An open letter to United States Postmaster General Patrick Donahoe
Dear Postmaster General Donahoe:
I do hope this letter arrives at your office in reasonable time.
Sarcasm aside, there was a time when I put a First Class stamp on a letter and mailed it, I had confidence, depending on its destination, it would get there overnight or within two or three days. There was a time when newspaper publishers could expect their latest edition would reach mail subscribers in a reasonable time frame as well.
Today, that confidence doesn’t exist.
And your latest plan to close more than 80 mail processing plants around the country – including the Dakota Central facility in Huron – will erase any shreds of remaining confidence.
You have a difficult job. Mail trends have not been kind to your business the past several years, thanks in large part to the Internet and 9-11. First Class mail – still the biggest generator of revenue for you – has dropped more than 35 percent the last dozen years or so.
So how do you clear a path for the survival of the Postal Service in the face of some mighty strong headwinds? Obviously, you need to reduce expenditures and tighten the belt to fit new realities.
But I believe your latest plan goes too far. From the 30,000-foot view at USPS headquarters, your latest plant consolidation plan may look good on the spreadsheet. But looking at it from here on Main Street and the mailbox-dotted gravel roads of South Dakota, it’s a clunker.
The newspaper publishers of South Dakota who belong to the trade association I work for, know it’s a clunker as well. They have been fighting desperately now for several years to find ways to get their newspapers delivered to customers in a timely manner. Fighting desperately despite the roadblocks and hurdles put up by your organization.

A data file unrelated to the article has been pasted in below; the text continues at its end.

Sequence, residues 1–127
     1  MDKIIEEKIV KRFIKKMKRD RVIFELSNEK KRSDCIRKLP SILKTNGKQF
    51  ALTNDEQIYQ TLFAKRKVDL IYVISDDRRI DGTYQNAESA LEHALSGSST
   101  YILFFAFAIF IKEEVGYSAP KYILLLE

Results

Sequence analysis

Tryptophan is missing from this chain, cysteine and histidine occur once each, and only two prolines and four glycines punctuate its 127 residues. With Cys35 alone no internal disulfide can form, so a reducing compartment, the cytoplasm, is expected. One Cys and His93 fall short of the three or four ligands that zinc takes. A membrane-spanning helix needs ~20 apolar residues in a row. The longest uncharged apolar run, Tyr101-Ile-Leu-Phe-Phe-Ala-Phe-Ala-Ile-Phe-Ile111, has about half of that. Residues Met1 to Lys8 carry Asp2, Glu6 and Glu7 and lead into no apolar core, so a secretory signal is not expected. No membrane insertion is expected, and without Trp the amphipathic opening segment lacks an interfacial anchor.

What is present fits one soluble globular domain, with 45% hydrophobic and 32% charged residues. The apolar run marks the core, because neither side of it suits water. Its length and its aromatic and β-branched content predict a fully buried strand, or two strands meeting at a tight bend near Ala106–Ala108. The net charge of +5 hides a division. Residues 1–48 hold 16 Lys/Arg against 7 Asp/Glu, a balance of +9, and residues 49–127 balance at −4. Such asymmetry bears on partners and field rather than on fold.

Closing more mail processing plants will only contribute to the sclerosis of the mail network in this country. Your plan doesn’t save the Postal Service; it just makes things worse.
The degradation and decline don’t happen all it once, but they happen. Newspaper subscribers become frustrated they can’t get their hometown paper delivered to them in a reasonable time, so they stop paying for it when the subscription comes due. Advertisers become frustrated when their promotions and marketing specials can’t reach the marketplace soon enough.
But it is not just newspapers. It is all businesses that rely on the mail for delivery of invoices, checks, correspondence and so much more. It’s people who live so far from town that they must rely on the mail for delivery of their medical prescriptions. It’s the delivery of farm parts and legal documents. The list goes on.
Mail service always has been and remains a vital part of the infrastructure serving rural America. For that matter, our entire country. Good, reliable mail service supports a strong economy and a connected, engaged society.
Let’s not degrade and destroy that network. Instead, we should be working to protect and provide for a strong, reliable mail service that serves all of our country.
If you won’t do it (and your latest plant consolidation announcement suggests you won’t), then we call on Congress to step in and put a halt to it. Congress should freeze any further plant consolidations and closings until it can agree upon meaningful reform legislation for the Postal Service.
Postal reform legislation has been percolating in Congress for some time now. Congress needs to act.
Congress needs to remove the onerous, overly aggressive provisions that require the Postal Service to greatly accelerate set-asides for postal retirees’ health benefits. Doing so would help the Postal Service’s balance sheet and remove some of the pressures that lead to policies and actions that have hurt, not helped, your organization.
Postal reform legislation is not a headlines-grabbing, popularity-poll issue that Congress rallies around. Nevertheless, Congress needs to act now, before your organization, Mr. Postmaster General, regresses into a shell of its former self from which it cannot recover.
I thank you for your consideration.